The war in Ukraine has elevated the level of scrutiny of Russia’s actions both in Europe and elsewhere in the world, including in Africa. Moscow is simply not address sustainable developments questions especially in critical sectors in Africa. It important to assess its contributions to and impact on the economy over the past several years. With the war ongoing, Moscow is only wooing African elites to serve its interests. Eleonora Tafuro Ambrosetti, however, warns against over-generalizing the unique features of bilateral ties.
In these difficult and crucial times, the strategic partnership with Africa has become a priority of Russia’s foreign policy, declared Sergey Lavrov, Russia’s Foreign Affairs Minister. Russia has to design and focus on its priority interests, and most importantly complement in providing support for development needs in Africa. Regrettably, much has been lost over these three decades. But with high hopes of raising its geopolitical influence, Russia’s diplomacy can aptly be summarized as “great expectations – broken promises” as presently seen across Africa.
According to our research findings, in stark contrast to key global players including the United States, China, the European Union and many others, Russia’s challenge is to live up to the values of diplomacy, change to be worthy of the responsibility and be given that sacred trust. Undeniable fact that it’s post-Soviet policies have little impact on Africa’s development paradigms, in other words non-result oriented to drive forward Africa’s sustainable development questions.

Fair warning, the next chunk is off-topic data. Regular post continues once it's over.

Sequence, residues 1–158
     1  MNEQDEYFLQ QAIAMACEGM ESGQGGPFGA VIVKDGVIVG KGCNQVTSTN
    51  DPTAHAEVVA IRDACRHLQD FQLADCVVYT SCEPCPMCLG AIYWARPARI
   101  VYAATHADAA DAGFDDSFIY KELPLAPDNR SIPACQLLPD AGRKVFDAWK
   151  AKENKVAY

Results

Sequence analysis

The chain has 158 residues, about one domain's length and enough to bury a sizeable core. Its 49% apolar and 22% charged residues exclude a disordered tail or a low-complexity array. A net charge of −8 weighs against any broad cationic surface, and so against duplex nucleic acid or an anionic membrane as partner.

In November 2021, a group of 25 leading experts headed by Sergei A. Karaganov, the Honorary Chairman of the Presidium of the Council on Foreign and Defence Policy, released the ‘Situation Analytical Report’ that vividly highlighted some spectacular pitfalls and shortcomings in Russia’s approach towards Africa. The report noted Russia’s consistent failure in honouring its bilateral agreements and several pledges over the years.
It decried the increased number of bilateral and high-level meetings that yield little or bring to the fore no definitive results. In addition, insufficient and disorganized Russian African lobbying combined with a lack of “information hygiene” at all levels of public speaking, says the policy report.
The report recommended Russia adopt an Action Plan – a practical document that would fill in aspects of strategic cooperation with result-oriented substance between summits. In conclusion, Russians have to face the new geopolitical realities and its practical existing challenges during these changing times, and while designing policy strategies and action plan must strongly remember that Africa’s roadmap is the African Union Agenda 2063.